That way, you’ll never have to come home to a hot house ever again.

After you find a few models that can serve your space, you can look into things like decibel level, remote capabilities, smart connectivity, and included hardware. Decibels are a measure of sound intensity, and for a quiet AC, the lower this number is the better. Just be careful if you see a model with a suspiciously low decibel count, as that might indicate a weak fan that won’t be able to push that cold air out into the room as well as you might like.

Many of these devices come with remote controls, so you can set them up conveniently near a window and let them do their thing, making adjustments from a distance as needed. Some take this remote control capability a step further by entering into the ever-growing internet of things. These models will have Wi-Fi connectivity and allow you to integrate them into your smart home, so you can manage the temperature in your space from anywhere you get a signal. That way, you’ll never have to come home to a hot house ever again.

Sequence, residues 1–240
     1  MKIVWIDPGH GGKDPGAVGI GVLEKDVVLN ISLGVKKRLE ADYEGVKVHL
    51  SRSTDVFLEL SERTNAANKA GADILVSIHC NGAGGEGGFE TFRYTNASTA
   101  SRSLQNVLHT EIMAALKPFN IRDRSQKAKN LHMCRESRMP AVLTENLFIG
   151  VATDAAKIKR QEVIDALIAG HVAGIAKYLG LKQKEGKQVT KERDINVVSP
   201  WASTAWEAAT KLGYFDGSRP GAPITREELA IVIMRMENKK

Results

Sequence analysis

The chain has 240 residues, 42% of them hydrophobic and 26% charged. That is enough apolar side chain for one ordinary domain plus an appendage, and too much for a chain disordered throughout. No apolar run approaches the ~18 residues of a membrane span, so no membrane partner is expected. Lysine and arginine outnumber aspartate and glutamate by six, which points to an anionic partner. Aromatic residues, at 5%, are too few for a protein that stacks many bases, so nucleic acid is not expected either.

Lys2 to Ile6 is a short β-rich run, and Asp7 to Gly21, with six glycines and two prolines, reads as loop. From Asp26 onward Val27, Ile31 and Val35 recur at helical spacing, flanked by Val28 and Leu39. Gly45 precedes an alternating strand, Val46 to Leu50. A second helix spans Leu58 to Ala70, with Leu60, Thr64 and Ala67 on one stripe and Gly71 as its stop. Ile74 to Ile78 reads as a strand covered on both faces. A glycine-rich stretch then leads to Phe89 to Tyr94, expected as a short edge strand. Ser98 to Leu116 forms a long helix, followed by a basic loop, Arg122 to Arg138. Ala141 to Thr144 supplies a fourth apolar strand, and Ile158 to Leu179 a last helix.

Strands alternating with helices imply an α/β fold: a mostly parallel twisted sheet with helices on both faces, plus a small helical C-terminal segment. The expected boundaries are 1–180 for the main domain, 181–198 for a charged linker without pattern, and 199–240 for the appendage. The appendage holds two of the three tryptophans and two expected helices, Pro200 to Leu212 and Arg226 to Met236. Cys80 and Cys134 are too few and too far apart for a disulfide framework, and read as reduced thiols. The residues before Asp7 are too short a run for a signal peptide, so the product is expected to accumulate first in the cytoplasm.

Finally, there’s the issue of included hardware. Now, most portable ACs will come with a hose for ventilation, but some don’t include everything you might need to create one or more ports for ventilation in a given window frame. If you know that you have atypical windows, this is an important thing to investigate. Keep and eye on the specs of what’s offered and make sure to take measurements of your potential venting points before you buy.

Other Ways To Help Beat The Heat

A portable AC can go a long way toward keeping you from the Hitchcockian nightmare of a temperature-induced murder. But there are additional things you can do around the house to help beat the heat, and things you can get your hands on to help you take that heat-beating skill out into the world with you.